# Why is the normal contact force horizontal on an inclined ladder?

Think about how a ladder stands up in real life. Would the ladder stay in the orientation shown in your image if the ground were ice? No! The reason? Friction.

The friction force, represented by $\vec{F}_{ff}$ in the figure acts to prevent the ladder from sliding to the right.

There are actually 5 forces acting on this ladder:

- $\vec{F}_g$: the gravitational force (aka the "weight" force), which pushes the ladder toward the ground
- $\vec{F}_w$: The normal force of the wall on the ladder, which prevents the ladder from falling into the wall.
- $\vec{F}_{fw}$: The friction force of the wall on the ladder, which prevents the ladder from sliding down the wall
- $\vec{F}_f$: The normal force of the floor on the ladder, which prevents the ladder from falling through the ground.
- $\vec{F}_{ff}$: The friction force of the floor on the ladder, which prevents the ladder from sliding to the right.

There must be a horizontal force acting on the wall to exert a horizontal force on the ladder. What causes the horizontal force on the wall and what is it called?

Actually, there must be a horizontal force acting somewhere on the ladder to require an equal and opposite normal reaction force on the wall for equilibrium. That horizontal force acting on the ladder is the friction force at the base of the ladder. So what your question really boils down to is, why is there a friction force at the base of the ladder? @Bunji has given you an intuitive explanation. The following is in terms of the gravitational force acting on the ladder.

To answer that question note that any force can be resolved into mutually perpendicular components. Therefore $F_g$ can be resolved into two components, one acting down and parallel to the ladder, $F_{g}sinα$, and one perpendicular to the ladder, $F_{g}cosα$. At the base of the ladder, this force down and parallel to the ladder has a vertical downward component acting on the ground and a horizontal component acting on the ground to the right. Per Newton's third law these forces have equal and opposite reaction forces as shown in the free body diagram of the ladder at the base. One of those is the horizontal friction force acting to the left. For equilibrium you then need a horizontal reaction force on the wall for the sum of the horizontal forces on the ladder to be zero.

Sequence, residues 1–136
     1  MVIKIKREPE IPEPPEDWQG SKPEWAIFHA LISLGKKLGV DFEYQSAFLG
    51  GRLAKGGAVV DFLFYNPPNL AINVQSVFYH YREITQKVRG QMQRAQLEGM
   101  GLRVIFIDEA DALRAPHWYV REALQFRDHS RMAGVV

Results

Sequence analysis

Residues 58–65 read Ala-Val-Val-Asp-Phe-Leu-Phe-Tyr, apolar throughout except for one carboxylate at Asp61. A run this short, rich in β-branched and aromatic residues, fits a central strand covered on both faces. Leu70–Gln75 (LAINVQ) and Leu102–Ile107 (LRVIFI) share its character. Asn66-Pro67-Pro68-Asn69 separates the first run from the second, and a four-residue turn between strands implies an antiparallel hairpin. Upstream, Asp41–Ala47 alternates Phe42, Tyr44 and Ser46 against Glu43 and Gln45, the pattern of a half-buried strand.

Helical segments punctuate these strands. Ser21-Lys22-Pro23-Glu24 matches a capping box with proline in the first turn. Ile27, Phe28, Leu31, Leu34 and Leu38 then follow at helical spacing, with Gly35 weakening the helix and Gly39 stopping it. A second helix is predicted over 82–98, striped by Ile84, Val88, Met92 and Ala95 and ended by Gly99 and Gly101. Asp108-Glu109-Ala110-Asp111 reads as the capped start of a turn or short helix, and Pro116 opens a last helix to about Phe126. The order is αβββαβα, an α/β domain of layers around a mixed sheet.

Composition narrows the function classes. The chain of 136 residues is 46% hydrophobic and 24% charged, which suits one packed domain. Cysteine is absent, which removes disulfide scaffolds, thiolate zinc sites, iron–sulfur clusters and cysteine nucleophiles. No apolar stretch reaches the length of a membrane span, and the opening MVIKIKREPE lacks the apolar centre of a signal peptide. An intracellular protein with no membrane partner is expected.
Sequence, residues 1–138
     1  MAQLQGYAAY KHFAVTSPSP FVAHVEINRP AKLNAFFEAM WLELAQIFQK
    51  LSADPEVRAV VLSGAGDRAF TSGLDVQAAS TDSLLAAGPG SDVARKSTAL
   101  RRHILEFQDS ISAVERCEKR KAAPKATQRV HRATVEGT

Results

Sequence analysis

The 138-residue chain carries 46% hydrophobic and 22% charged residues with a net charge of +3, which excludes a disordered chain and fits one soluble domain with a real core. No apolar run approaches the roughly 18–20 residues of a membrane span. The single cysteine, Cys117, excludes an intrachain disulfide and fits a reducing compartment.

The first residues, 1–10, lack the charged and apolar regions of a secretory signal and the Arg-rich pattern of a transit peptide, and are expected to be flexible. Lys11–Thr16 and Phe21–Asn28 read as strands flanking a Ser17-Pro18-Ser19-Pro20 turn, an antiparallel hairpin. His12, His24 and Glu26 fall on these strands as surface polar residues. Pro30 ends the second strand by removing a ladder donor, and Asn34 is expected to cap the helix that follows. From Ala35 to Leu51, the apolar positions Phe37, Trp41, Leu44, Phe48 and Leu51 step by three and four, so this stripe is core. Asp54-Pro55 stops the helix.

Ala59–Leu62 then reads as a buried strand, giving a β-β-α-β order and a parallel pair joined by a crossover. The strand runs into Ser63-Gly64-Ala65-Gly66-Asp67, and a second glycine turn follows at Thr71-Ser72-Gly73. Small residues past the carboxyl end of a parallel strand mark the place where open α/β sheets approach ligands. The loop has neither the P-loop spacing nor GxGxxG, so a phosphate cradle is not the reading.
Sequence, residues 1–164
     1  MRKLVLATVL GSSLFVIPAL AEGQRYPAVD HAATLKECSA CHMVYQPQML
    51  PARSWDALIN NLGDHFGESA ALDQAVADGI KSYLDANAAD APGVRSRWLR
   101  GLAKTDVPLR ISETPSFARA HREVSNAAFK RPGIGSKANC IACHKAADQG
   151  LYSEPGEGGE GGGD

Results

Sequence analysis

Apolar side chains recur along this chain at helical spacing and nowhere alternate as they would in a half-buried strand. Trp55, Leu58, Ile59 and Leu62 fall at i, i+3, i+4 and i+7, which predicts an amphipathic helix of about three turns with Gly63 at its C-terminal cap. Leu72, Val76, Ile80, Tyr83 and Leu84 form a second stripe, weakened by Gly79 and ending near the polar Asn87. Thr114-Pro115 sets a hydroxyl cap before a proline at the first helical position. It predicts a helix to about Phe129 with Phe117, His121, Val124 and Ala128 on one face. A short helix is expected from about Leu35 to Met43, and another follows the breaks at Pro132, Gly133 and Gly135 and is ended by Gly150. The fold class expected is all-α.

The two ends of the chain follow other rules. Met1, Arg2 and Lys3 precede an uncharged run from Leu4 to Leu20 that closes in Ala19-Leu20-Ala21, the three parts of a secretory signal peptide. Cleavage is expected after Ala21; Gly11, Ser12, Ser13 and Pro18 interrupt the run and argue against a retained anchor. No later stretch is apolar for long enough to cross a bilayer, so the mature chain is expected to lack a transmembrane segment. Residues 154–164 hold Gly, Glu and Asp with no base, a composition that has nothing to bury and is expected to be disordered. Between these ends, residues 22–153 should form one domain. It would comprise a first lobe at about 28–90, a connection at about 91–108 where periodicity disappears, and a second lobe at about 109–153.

All of the above is intended only to explain the reason for a normal reaction force at the wall. Given that you now have 4 unknown reaction forces and one known force, $F_g$. So solve for the 4 unknowns, you need 4 equations. From here you should be able to identify the needed equations if you realize that the sum of the moments where the ladder contacts the ground and the wall have to be zero for equilibrium.

Hope this helps.

I feel like there is something missing in this diagram, which is torque. In reality, there is a torque on the ladder, due to gravity, which causes it to want to rotate counterclockwise around the point where it touches the floor. This torque is "responsible" in some sense for the force of the top of the ladder against the wall (and the counterbalancing force of the foot of the ladder against the floor's friction.)

I don't see any torques in your free body diagram, although I do see an angle "alpha" at the base of the ladder, which is suggestive that maybe there should be some. If you haven't covered torque yet, this is not a great problem to try to work through.